You know, as a blogger, I have the luxury of being self-righteous and shrill, and I just want to ask some of these guys, "How do you sleep at night?" But you, as a journalist, have standards. But have you ever been tempted to go beyond those limits? Have you had any provocative debates with people on the other side of this issue and what have they said? You know, I really try... I was invited to be part of one of these things, a panel: Is global warming a problem? Yes or no? And I was invited to be one of the Yes-it-is-a-big-problem people. I really try to avoid those because I just have a really hard time with people who present—you know there's that old saying which is attributed, probably incorrectly, to Daniel Patrick Moynihan: "Everyone is entitled to their own opinion but they're not entitled to their own facts." You have people out there who have millions and millions of reams of what they call facts and they spin this kind of web of half-truths and misinterpreted truths and lies and it's very difficult for a lay person to go through them.

So I try to leave that kind of thing to the scientific community, who are really steeped in scientific literature. But just having one of these kinds of arguments, unfortunately, people like me and you and those of us who feel like this is really a big problem that we are criminally negligent in not addressing, have kind of lost that public debate right now. And that's really scary I think, to be honest. That's the word I would use, not just depressing but downright scary. There happens to be one side, on the scientific front, that's just unassailable. All the things that were predicted 20 or 30 years ago are all happening or are happening even faster than people predicted they would happen. That's the only way the predictions have been wrong, is that they were actually too conservative. And yet, politically, it's the other side of this that's won the debate. You really have to ask yourself, "What kind of society do we live in at this point?"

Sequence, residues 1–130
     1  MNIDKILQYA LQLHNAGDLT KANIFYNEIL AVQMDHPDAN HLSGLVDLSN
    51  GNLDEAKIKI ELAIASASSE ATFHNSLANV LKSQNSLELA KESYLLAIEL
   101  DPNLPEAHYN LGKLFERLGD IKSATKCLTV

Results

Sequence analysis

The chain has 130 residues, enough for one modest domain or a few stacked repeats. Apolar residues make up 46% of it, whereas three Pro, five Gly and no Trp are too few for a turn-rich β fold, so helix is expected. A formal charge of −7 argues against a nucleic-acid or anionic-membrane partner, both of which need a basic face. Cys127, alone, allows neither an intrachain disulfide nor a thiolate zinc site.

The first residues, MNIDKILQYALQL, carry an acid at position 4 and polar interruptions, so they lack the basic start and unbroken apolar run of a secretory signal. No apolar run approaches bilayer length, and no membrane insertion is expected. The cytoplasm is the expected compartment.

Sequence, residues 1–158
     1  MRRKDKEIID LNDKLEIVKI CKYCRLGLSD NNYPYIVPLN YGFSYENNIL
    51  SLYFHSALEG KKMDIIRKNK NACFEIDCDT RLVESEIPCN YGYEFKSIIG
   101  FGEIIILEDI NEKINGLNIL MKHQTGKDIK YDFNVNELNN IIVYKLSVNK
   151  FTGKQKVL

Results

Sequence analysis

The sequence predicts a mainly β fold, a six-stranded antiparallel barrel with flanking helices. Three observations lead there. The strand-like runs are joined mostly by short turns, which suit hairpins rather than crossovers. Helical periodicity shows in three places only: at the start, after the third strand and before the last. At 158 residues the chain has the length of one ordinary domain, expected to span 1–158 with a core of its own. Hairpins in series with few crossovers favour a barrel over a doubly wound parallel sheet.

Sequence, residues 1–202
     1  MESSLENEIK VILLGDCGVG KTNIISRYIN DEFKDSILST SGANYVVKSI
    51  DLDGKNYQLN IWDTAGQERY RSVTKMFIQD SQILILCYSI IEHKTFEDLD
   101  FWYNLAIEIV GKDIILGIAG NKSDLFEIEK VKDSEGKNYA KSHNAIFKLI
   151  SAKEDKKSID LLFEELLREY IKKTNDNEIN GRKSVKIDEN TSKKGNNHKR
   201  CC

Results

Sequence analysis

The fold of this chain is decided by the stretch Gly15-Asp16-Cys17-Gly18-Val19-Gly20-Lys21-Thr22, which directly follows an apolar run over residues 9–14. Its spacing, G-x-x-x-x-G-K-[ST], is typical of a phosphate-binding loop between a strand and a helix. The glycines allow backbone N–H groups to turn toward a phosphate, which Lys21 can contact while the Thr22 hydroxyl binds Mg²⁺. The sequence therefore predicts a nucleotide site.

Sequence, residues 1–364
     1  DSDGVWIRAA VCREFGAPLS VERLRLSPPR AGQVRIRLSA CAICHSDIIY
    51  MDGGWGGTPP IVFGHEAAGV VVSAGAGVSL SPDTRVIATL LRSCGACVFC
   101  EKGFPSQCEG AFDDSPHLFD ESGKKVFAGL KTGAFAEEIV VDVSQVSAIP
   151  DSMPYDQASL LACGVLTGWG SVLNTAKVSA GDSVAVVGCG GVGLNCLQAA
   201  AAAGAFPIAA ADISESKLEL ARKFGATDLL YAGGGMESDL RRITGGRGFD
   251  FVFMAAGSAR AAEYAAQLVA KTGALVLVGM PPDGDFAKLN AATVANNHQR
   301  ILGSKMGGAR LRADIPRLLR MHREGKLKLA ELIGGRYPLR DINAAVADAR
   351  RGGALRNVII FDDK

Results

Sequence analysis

Yeah, I was going to ask you. Why has this debate gone to the people who don't have science and evidence and facts on their side? Is it just because we're self-serving consumers and whatever way we can rationalize our lifestyles, we'll do that, even if it's total bullshit? That certainly would be a reasonable inference from the data. It's really hard to know. Although there's been a lot of public opinion polling on this issue, I don't feel people have really gotten to the heart of the matter. I would like to see some really good focus groups of people who claim not to believe in climate change. Many of them probably don't know anything beyond what's been said by Rush Limbaugh and Glenn Beck, to be honest. But I think there's a huge resistance to anything that would require us to change in any way. Even though something like the cap-and-trad bill would have a really, really marginal impact on people's lives right now. I think the fact is that people are very, very slow or afraid to open the door to the possibility that we all need to change the way we live. That is a real possibility, that in order to deal with this problem at all effectively, we'll have to just ignore it. That's a pretty simple psychology but is that really what's going on? I'm not 100% sure.